See also the recent piece in the New York Times by Charlie Savage: "New Justice to Confront Evolution in Powers," which states: "After Mr. Obama selected [Kagan] to be his solicitor general, she publicly embraced an expansive interpretation of the Congressional authorization to use military force against Al Qaeda. Ms. Kagan also took a leading role on a legal team that has sought to suppress lawsuits using the state secrets privilege and fought a ruling granting habeas corpus rights to some detainees in Afghanistan." All those cases could reach the Supreme Court. But it is not clear that appointing Ms. Kagan would give Mr. Obama an extra vote in the White House's favor, as she might feel pressure to recuse herself from participating."

Party on, Garth!

And speaking of parties . . . I believe Chris Hedges has this party down to a nub (emphasis marks added - Ed.)

It is hard to muster much sympathy over the implosion of the Catholic Church, traditional Protestant denominations or Jewish synagogues. These institutions were passive as the Christian right, which peddles magical thinking and a Jesus-as-warrior philosophy, hijacked the language and iconography of traditional Christianity. They have busied themselves with the boutique activism of the culture wars. They have failed to unequivocally denounce unfettered capitalism, globalization and pre-emptive war. The obsession with personal piety and “How-is-it-with-me?” spirituality that permeates most congregations is undiluted narcissism. And while the Protestant church and reformed Judaism have not replicated the perfidiousness of the Catholic bishops, who protect child-molesting priests, they have little to say in an age when we desperately need moral guidance.

I grew up in the church and graduated from a seminary. It is an institution whose cruelty, inflicted on my father, who was a Presbyterian minister, I know intimately. I do not attend church. The cloying, feel-your-pain language of the average clergy member makes me run for the door. The debates in most churches — whether revolving around homosexuality or biblical interpretation—are a waste of energy. I have no desire to belong to any organization, religious or otherwise, which discriminates, nor will I spend my time trying to convince someone that the raw anti-Semitism in the Gospel of John might not be the word of God. It makes no difference to me if Jesus existed or not. There is no historical evidence that he did. Fairy tales about heaven and hell, angels, miracles, saints, divine intervention and God’s beneficent plan for us are repeatedly mocked in the brutality and indiscriminate killing in war zones, where I witnessed children murdered for sport and psychopathic gangsters elevated to demigods. The Bible works only as metaphor. . . . We live in the age of the "Übermensch who rejects the sentimental tenets of traditional religion. The Übermensch creates his own morality based on human instincts, drive and will. We worship the "will to power" and think we have gone "beyond good and evil." We spurn virtue. We think we have the moral fortitude and wisdom to create our own moral code. The high priests of our new religion run Wall Street, the Pentagon and the corporate state. They flood our airwaves with the tawdry and the salacious. They, too, promise a utopia. They redefine truth, beauty, morality, desire and goodness. And we imbibe their poison as blind followers once imbibed the poison of the medieval church.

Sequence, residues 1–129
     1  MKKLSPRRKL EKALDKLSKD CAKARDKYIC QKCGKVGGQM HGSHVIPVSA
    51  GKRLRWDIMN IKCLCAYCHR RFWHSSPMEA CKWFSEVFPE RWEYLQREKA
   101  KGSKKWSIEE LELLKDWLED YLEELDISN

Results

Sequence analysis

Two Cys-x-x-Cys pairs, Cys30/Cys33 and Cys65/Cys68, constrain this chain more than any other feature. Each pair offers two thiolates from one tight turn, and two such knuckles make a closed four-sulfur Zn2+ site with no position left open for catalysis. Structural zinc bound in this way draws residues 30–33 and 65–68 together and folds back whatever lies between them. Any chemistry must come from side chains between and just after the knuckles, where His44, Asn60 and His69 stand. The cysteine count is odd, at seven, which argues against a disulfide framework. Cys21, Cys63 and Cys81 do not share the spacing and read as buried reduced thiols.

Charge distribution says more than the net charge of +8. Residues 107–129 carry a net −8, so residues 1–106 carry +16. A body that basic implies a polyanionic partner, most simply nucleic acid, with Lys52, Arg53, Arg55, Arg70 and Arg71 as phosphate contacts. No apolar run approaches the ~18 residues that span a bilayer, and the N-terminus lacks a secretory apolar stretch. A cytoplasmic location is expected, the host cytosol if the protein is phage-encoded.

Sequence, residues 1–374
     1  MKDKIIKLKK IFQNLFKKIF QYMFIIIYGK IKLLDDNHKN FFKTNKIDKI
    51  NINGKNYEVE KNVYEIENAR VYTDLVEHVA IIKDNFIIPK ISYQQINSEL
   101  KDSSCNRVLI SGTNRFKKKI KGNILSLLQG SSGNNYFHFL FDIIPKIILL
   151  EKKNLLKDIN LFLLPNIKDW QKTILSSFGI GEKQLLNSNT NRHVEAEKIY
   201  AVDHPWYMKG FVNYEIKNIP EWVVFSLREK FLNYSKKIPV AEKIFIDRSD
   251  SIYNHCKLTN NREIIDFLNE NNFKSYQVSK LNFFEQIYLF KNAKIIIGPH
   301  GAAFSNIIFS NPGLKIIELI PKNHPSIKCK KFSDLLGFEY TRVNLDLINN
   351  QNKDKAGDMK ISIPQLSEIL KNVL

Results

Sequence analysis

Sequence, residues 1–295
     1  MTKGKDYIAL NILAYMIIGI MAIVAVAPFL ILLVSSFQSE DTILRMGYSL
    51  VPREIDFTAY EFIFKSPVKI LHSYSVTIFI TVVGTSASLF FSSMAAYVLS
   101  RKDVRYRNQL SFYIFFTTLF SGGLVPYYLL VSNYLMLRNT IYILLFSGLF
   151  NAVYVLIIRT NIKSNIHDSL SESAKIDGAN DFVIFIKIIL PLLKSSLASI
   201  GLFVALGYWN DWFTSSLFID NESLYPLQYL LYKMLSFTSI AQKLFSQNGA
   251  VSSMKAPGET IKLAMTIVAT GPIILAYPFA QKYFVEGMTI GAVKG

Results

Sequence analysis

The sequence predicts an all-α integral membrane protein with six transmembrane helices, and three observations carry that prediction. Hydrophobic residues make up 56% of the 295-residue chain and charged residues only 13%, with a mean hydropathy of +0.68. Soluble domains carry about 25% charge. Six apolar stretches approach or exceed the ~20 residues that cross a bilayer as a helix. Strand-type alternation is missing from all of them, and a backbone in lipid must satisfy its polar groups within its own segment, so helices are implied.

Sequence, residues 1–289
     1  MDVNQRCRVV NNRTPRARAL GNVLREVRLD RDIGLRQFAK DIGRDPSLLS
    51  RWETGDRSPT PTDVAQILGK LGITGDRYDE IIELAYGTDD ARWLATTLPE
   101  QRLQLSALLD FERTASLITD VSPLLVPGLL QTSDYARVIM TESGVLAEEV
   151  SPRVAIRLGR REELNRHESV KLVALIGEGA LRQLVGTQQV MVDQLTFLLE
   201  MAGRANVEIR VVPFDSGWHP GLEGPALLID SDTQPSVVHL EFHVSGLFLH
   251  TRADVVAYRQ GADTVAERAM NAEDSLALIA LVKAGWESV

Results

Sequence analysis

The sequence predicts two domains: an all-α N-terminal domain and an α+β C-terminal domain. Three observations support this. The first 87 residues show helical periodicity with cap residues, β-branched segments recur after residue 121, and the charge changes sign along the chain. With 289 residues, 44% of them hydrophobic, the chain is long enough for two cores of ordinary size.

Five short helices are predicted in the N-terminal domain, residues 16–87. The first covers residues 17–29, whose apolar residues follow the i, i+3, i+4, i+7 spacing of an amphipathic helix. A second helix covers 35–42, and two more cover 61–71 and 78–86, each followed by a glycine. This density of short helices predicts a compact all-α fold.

Nietzsche had his doubts. He suspected that this new secular faith might prefigure an endless middle-class charade. Nietzsche feared the deadening effects of the constant search for material possessions and personal hedonism. Science and technology might rather bring about a new, distorted character Nietzsche called "the Last Man." The Last Man, Nietzsche feared, would engage in the worst kinds of provincialism, believing he had nothing to learn from history. The Last Man would wallow and revel in his ignorance and quest for personal fulfillment. He would be satisfied with everything that he had done and become, and would seek to become nothing more. He would be intellectually and morally stagnant, incapable of growth, and become part of an easily manipulated herd. The Last Man would mistake cynicism for knowledge.